POSTDOCTORAL PERIOD:  Once again I need to thank a great mentor for being willing to take a chance and give me an opportunity.  Dr. Robert M Pratt, of the Laboratory of Reproductive & Developmental Toxicology at NIEHS, agreed to take me into his program as a Post-Doctoral Fellow.  Even though I had a Thesis describing insect responses to a toxicant, he thought I could contribute to the studies of cleft palate and I was thrilled at the chance to work at this prestigious institute.  (Note: Dr. Pratt introduced me to the Teratology Society and I attended my first meeting as a Student member at Callaway Gardens, Georgia, with his group in 1985).  Our studies explored the mechanisms of cleft palate induction by a variety of teratogens and I acquired skills in morphological, cellular, and molecular level in vivo and in vitro studies using the rodent model.  We also studied human palatal tissues in the organ culture model.  Very soon after joining the lab, I began collaborating with Dr. Linda Birnbaum, who was at the National Toxicology Program at that time.  We examined the mode of action of 2,3,7,8-tetrachlorodibenzo-p-dioxin (TCDD) for induction of kidney and palate defects in mice.  I was at NIEHS for 5 years and these were very productive years. 

PRINCIPAL INVESTIGATOR:  In 1990, I interviewed with Dr. Robert Kavlock for a Principal investigator position in the Developmental Toxicology Division at the Environmental Protection Agency (EPA).  I joined the Division in April of 1990 and was grateful for the opportunity to work with this highly regarded research group.  (Note:  in June of 1990, I accompanied the EPA group to the Teratology meeting in Victoria, British Columbia, a fine meeting and memorable location).  At EPA, I was encouraged to continue the cleft palate research and over several years the research expanded to include limb bud, whole embryo culture, and studies of a variety of chemicals of interest to the Agency.  A major initiative at that time and for some years afterward was the development of Biologically-Based Dose-Response Models and I was very interested in this project.  More recently, I worked on defining the mode-of-action for a family of perfluorinated compounds which act through the peroxisome proliferator activator receptors (PPAR-alpha).  Over the 25 years that I have been at EPA, many new technological advances were incorporated into our studies, including knockout mice, in situ hybridization, PCR, gene arrays, laser capture microdissection, confocal microscopy, and we are currently developing 3-D complex cultures of human stem cells to mimic developing embryonic tissues. The next to last slide in the linked file lists some of the many people to whom I owe so much for sharing their knowledge and expertise.  I hope that after reading my story, you can understand that having amazing mentors is very important to your career and that as you advance in your career that you will also take the opportunity to “pay it forward”, helping those whom you supervise, train, and mentor.  Also, there were clearly many stages of my path that involved sheer chance that an opportunity was available at the right time or that just the right person was encountered and that they were willing to listen and assist.  This career can be challenging, frustrating, humbling, but most of all it enriches my life and I hope you can share that experience wherever your career may lead you.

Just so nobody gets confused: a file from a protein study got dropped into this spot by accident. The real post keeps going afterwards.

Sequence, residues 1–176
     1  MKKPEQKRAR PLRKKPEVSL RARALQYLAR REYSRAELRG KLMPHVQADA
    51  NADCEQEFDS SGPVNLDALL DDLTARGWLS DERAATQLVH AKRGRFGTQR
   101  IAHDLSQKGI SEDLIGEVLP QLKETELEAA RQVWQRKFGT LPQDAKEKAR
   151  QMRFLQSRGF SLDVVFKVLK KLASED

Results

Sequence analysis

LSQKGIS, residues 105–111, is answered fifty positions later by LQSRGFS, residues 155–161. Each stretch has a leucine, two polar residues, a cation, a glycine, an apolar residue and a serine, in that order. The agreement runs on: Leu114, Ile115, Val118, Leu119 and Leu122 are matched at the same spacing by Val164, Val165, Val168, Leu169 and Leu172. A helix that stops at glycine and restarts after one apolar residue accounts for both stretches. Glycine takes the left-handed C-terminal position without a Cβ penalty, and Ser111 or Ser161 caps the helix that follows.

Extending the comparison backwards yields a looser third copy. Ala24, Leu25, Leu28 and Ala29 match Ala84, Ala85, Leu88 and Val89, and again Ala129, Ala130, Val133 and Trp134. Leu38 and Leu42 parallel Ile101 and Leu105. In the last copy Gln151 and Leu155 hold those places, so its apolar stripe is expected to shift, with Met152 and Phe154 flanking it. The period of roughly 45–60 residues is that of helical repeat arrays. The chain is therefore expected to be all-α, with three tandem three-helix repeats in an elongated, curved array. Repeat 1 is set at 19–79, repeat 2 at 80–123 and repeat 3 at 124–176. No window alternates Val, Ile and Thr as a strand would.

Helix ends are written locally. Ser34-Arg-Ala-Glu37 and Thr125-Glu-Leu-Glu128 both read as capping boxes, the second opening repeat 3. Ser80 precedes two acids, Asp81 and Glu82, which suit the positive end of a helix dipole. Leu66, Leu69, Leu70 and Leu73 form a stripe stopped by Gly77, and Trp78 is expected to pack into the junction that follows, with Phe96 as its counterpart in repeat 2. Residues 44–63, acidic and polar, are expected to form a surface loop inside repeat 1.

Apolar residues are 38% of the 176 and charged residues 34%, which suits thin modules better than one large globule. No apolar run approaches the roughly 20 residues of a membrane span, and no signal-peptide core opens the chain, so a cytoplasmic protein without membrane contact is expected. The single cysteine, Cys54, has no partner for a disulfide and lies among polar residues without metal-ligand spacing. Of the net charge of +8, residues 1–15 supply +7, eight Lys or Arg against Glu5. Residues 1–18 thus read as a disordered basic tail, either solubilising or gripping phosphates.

Slide Set: